Okay, that works for me.  As an inkster who writes fantasy, I need to use language that, while still making a point, has shades to it so that it becomes believable.  To go extreme will merely turn the reader off and make the writer appear ridiculous.  

That’s what I was going to blog about.  

Then the attack in Christchurch, New Zealand happened.  

At the time of writing, fifty are known to have been murdered.  An almost equal number are in hospital, many of whom are suffering life changing injuries.  Let’s not mention those who love them and are equally traumatised.  Let’s not mention that this happened whilst the murdered and wounded were at prayer in their mosque.  Let’s not mention the hate speech that Twitter and Facebook enable.  Let’s not mention the legitimacy felt by members of the extreme right to feel it is ‘righteous’ to kill others due to the language of hate and division espoused by the populist leaders of this world whom they follow.  Let’s not mention the current occupant in the White House;  Steve Bannon;  Viktor Orbán in Hungary; Jair Bolsonaro in Brazil;  Italy’s far-right Interior Minister Matteo Salvini, (‘the only extremism that deserves attention is Islamic’).  Let’s not mention that, eh?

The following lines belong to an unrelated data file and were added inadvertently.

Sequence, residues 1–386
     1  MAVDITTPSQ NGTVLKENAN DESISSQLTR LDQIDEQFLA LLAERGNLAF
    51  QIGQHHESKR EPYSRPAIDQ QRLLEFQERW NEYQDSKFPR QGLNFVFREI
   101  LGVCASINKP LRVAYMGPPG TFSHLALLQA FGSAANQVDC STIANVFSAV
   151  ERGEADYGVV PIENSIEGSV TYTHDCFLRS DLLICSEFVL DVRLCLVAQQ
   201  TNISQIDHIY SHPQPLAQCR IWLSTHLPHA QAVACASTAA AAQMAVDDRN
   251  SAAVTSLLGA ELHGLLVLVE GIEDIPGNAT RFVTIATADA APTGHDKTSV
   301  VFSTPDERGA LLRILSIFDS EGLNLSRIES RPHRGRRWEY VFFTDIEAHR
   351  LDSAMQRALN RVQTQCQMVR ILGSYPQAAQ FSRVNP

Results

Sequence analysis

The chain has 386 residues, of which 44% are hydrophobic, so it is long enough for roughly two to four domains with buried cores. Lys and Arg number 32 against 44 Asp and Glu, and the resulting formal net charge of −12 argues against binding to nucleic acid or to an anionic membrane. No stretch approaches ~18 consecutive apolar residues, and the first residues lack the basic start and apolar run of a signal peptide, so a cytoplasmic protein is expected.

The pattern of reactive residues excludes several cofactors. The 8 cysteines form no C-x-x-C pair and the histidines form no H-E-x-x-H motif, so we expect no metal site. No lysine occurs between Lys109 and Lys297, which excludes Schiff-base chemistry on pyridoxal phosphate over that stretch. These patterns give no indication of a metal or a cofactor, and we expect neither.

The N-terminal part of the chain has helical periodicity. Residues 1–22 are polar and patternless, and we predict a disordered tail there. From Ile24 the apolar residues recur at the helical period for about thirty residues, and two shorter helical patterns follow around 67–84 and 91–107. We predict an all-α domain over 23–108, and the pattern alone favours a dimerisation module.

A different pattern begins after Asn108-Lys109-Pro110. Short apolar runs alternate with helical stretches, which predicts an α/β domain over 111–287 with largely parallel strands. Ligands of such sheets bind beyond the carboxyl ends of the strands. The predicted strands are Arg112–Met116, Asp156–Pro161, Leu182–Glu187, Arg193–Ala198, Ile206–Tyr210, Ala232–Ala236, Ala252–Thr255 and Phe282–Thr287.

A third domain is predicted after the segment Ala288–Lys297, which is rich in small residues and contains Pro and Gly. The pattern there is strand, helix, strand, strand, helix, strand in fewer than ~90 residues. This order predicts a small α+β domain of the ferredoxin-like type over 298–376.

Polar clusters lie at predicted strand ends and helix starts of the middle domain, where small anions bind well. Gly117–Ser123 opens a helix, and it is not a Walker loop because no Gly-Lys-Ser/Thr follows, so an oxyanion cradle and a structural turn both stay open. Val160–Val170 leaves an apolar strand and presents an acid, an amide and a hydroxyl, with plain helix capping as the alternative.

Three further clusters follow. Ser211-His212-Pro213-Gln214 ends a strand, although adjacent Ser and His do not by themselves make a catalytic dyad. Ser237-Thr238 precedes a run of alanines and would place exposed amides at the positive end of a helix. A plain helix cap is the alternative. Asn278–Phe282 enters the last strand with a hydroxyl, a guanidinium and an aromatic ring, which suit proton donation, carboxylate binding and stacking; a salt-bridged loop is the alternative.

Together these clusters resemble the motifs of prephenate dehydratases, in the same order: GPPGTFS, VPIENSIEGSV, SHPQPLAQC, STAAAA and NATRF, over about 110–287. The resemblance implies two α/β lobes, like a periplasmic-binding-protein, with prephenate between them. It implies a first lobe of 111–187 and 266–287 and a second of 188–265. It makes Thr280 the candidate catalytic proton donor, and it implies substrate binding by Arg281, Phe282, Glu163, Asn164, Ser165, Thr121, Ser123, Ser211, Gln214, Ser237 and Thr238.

Well, dear reader, fuck that.  (Yes, I am angry.)  Let us mention it.  

Let us mention that their utterances have made opponents into enemies, (you kill your enemies).  Let us mention that their utterances have delegitimised civilised debate and called it weakness.  Let us mention that their ill-defined populist utterances have stoked fear where there should be trust.  

These ‘leaders’, (I use the term so very, very loosely), must be held to account.  There must be no nuance in placing the responsibility at their feet, their mouths and their sorry excuse for a brain.  

No nuance here.  They are responsible.  Hold them and those of their ilk responsible for creating the environment where this can happen.  Let us watch them try to scramble away from having any responsibility for what has been done in their name, their beliefs, their utterances.  (It’s already happening.)  

Finally, I’ll end with mention of an article by Frans de Waal, a Dutch primatologist and ethnologist.  In other words, he studies animal behaviour and is pretty good at it.  Makes for interesting reading.  

In his article, ‘What animals can teach us about politics’, (herehe wrote about the link between our biology and culture, ‘no humans ever existed without biology, nor any without culture.’  

He also made numerous points about leadership, bullying and using fear as a coercive leadership tool.  Leaders that use the latter tend to reign for short periods of time.  Those using more enabling approaches tend to last longer.  It is within us all to wish for peace, to be able to get on with our lives without causing harm to others.  However, when people feel disenfranchised, powerless, they tend to respond to those who promise to deal with the society that caused that disengagement.